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the complete review - memoirs
The Copenhagen Trilogy - III
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- Danish title: Gift
- The third volume in The Copenhagen Trilogy
- Translated by Michael Favala Goldman
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B+ : intriguing and well-written
See our review for fuller assessment.
|The NY Rev. of Books*
|The NY Times*
|The NY Times Book Rev.*
|The New Yorker*
|Wall St. Journal*
[* review of entire The Copenhagen Trilogy]
Very impressed, and this one the most powerful of the three volumes
From the Reviews:
- "As her dependency on Demerol and her supplier deepens, the narrative becomes utterly, agonisingly compulsive. It builds to a wrenching climax made all the more poignant by the fact that after five years of virtual captivity in the realm of addiction, Ditlevsen -- finally clean, but a stranger to her own children -- remains shakily aware that the gift of her third marriage lingers in her blood." - Liz Jensen, The Guardian
- "Dependency turns into a relentless, highly controlled account of the experience of madness. (...) Ditlevsen is a master of slow realization, quick characterization, and concise ironies." - Lauren Oyler, Harper's
- "In Dependency the writing becomes more urgent still, not just from its subject matter but through the richness of sustained set pieces, such as a gruelling pursuit to find a doctor to carry out an abortion for her." - John Self, New Statesman
- "Up until this point, the author's talents have made the fairly banal disorders of her life riveting, but now things take a turn, and no horror movie I've ever seen -- however potent its imagery or metaphor -- has come near the rest of the book for sheer terror. (...) The haste with which The Copenhagen Trilogy concludes -- its declaration of the provisional triumph of love -- leaves one's heart pounding." - Deborah Eisenberg, The New York Review of Books
- "They exert a particular fascination, these books. It's like watching something burn. The language is plain, unadorned, almost masklike -- a provocative composure that settles even more tightly over the narration as we enter Dependency, in which Ditlevsen describes her years of addiction." - Parul Sehgal, The New York Times
- "(N)othing in her memoirs' first two volumes quite prepares you for what's to come. (...) So unsparingly abject is her rendering of addiction -- I frequently found myself having to pause, finger in book, and take a breath -- that an episode involving Evelyn Waugh, whom she charms at a literary party before being dragged off humiliatingly by her lunatic husband, has an almost leavening effect." - Megan O'Grady, The New York Times Book Review
- "As I read the third volume of The Copenhagen Trilogy, Dependency (...), I marvelled, again and again, at Ditlevsen's authority -- and at her shoulder-shrugging. (...) Ditlevsen is constantly performing a dance of the seven veils. Despite her bluntness on the page, no one in her life can know her." - Hilton Als, The New Yorker
- "It's the final book in the trilogy, Dependency, that is the most memorable. (...) Ditlevsen's trilogy is remarkable not only for its honesty and lyricism; these are books that journey deep into the darkest reaches of human experience and return, fatally wounded, but still eloquent." - Alex Preston, The Observer
- "They capture the naivety, terror and rapture of her early life across a fast-changing palette of prose colours." - Boyd Tonkin, The Spectator
- "With every conscious literary device she is depicted as a non-volitional being, drifting half-consciously from one marriage to another, from one pregnancy to another, kept alive and held together only by a desperate passion for putting words together. Which indeed Mrs Ditlevsen can do. (...) The secret of her prose is a power for minute and accurate observation." - Times Literary Supplement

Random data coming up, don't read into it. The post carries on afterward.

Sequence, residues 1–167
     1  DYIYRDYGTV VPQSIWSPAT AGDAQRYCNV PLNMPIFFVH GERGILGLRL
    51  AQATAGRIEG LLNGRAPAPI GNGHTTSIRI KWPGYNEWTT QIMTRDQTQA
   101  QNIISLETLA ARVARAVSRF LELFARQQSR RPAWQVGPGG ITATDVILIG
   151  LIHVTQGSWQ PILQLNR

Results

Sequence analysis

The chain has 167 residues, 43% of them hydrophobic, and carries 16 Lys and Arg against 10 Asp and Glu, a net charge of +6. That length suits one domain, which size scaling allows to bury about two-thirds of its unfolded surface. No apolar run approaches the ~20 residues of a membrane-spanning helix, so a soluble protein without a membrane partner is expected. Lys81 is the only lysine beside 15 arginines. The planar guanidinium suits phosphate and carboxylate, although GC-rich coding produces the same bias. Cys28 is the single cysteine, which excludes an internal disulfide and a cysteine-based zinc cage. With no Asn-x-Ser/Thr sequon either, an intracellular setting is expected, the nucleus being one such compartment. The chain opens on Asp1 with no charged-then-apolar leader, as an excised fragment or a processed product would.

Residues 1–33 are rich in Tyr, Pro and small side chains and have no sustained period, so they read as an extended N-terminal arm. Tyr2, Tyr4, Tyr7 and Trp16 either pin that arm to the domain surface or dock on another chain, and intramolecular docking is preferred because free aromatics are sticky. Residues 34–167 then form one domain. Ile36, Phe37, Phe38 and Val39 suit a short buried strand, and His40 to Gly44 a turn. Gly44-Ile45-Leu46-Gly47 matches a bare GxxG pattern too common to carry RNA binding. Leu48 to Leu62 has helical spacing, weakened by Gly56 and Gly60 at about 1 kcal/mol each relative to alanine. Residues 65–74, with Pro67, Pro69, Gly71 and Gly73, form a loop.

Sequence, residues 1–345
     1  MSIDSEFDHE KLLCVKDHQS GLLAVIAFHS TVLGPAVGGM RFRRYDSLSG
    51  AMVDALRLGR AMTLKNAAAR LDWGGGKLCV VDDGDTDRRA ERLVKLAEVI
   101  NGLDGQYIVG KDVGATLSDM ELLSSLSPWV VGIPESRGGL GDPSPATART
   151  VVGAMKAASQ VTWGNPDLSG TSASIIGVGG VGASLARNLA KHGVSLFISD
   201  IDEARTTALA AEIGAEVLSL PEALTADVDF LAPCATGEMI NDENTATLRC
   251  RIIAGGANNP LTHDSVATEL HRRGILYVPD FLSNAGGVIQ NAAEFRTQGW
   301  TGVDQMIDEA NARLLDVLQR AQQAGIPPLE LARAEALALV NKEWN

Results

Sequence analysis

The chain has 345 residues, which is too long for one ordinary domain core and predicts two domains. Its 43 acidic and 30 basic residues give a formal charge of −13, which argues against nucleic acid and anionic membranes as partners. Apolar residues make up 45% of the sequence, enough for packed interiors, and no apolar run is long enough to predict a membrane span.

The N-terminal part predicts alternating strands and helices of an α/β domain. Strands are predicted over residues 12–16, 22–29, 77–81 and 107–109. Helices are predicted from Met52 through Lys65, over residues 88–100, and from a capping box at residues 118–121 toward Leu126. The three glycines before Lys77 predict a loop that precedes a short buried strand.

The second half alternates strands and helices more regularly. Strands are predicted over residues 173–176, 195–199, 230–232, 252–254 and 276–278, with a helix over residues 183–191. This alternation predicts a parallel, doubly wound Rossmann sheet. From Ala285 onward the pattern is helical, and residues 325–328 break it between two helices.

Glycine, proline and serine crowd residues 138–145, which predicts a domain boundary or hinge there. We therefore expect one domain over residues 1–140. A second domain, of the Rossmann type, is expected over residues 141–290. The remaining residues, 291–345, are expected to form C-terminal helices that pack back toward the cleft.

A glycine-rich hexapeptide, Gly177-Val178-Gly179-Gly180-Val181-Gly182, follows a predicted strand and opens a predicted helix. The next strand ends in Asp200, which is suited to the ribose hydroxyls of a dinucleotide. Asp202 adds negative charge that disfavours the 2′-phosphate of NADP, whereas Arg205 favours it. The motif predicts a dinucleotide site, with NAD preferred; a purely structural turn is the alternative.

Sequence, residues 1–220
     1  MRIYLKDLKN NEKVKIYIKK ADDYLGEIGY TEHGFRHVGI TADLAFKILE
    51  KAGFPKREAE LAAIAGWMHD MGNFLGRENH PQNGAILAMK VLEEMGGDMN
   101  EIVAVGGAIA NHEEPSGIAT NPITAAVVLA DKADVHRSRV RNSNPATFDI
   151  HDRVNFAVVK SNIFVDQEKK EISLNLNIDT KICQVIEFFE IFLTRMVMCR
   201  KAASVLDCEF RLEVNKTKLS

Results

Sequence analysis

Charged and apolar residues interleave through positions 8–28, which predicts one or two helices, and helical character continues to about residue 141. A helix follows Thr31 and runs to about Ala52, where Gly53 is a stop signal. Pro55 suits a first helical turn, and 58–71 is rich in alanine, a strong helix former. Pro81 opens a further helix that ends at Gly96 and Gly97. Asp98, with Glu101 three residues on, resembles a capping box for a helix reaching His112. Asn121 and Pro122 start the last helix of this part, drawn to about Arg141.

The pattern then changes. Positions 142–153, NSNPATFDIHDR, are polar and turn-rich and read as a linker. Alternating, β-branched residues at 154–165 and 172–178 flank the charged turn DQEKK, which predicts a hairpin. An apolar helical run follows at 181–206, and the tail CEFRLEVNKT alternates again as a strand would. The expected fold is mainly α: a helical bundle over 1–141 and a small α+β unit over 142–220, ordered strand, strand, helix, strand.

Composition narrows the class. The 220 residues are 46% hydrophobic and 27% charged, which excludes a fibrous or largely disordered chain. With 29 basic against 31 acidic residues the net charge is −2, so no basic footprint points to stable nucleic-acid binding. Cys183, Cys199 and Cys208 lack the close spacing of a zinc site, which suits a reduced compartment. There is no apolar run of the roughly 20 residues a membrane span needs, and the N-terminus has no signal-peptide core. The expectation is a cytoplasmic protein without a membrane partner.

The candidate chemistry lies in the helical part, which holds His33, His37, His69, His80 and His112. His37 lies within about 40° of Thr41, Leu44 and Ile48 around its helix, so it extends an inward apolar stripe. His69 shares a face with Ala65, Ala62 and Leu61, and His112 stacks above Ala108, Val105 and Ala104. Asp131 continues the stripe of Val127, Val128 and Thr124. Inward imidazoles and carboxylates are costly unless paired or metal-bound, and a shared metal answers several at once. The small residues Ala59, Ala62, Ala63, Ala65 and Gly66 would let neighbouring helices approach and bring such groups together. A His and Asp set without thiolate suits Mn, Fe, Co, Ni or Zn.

- "Ditlevsen's literary project cannot be dismissed as escapism. She looks the slimy and intolerable in the eye and burnishes it into cut glass. She's a writer who, like Jean Rhys, explores the seamy ambiguities of female abjection -- with a voice whose power blasts through. The subjective truths she tells are about agency and passivity, narcissism and self-destruction, artistic idealism and psychological squalor. Paradoxically, the sense of immediacy and authenticity she projects is achieved through language that often feels uncannily dissociated." - Lucasta Miller, Times Literary Supplement
- "Die Geschichte von Sucht und Heilung bildet den zweiten Teil des Buches. Im ersten erzählt Tove Ditlevsen von ihrem Leben während der Besatzungszeit, Ton Liebesabenteuern und unerwünschten Schwangerschaften, von improvisierten Festen und ersten schriftstellerischen Erfolgen -- alles mit unsentimentaler Offenheit und ohne nachträgliches Aufschönen, wie in ihren autobiographischen Romanen. Auch Ereignisse aus dem literarischen Leben jener Jahre sind gänzlich unverschlüsselt wiedergegeben" - Hadayattdlah Hübsck, Die Zeit
Please note that these ratings solely represent the complete review's biased interpretation and subjective opinion of the actual reviews and do not claim to accurately reflect or represent the views of the reviewers.
Similarly the illustrative quotes chosen here are merely those the complete review subjectively believes represent the tenor and judgment of the review as a whole. We acknowledge (and remind and warn you) that they may, in fact, be entirely unrepresentative of the actual reviews by any other measure.
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The complete review's Review:
Dependency is the concluding volume of Tove Ditlevsen memoirs, The Copenhagen Trilogy.
As widely noted, the Danish title, Gift, translates as both 'married' and 'poison'; the memoir is divided into two parts, and indeed the first is dominated by the stories of Ditlevsen's (first) marriages, and the second by her drug-dependency.
Dependency begins with Ditlevsen already enjoying success as a writer -- and settled into domestic life, as the wife of the (considerably -- thirty years) older Viggo F. Møller.
Apparently her need for a sense of security was greater than she had really let on, and, grateful to Møller -- such a helpful facilitator of her first successes --, she readily accepted the stability marriage to him allowed for; indeed, she notes: "I'm so thankful he married me".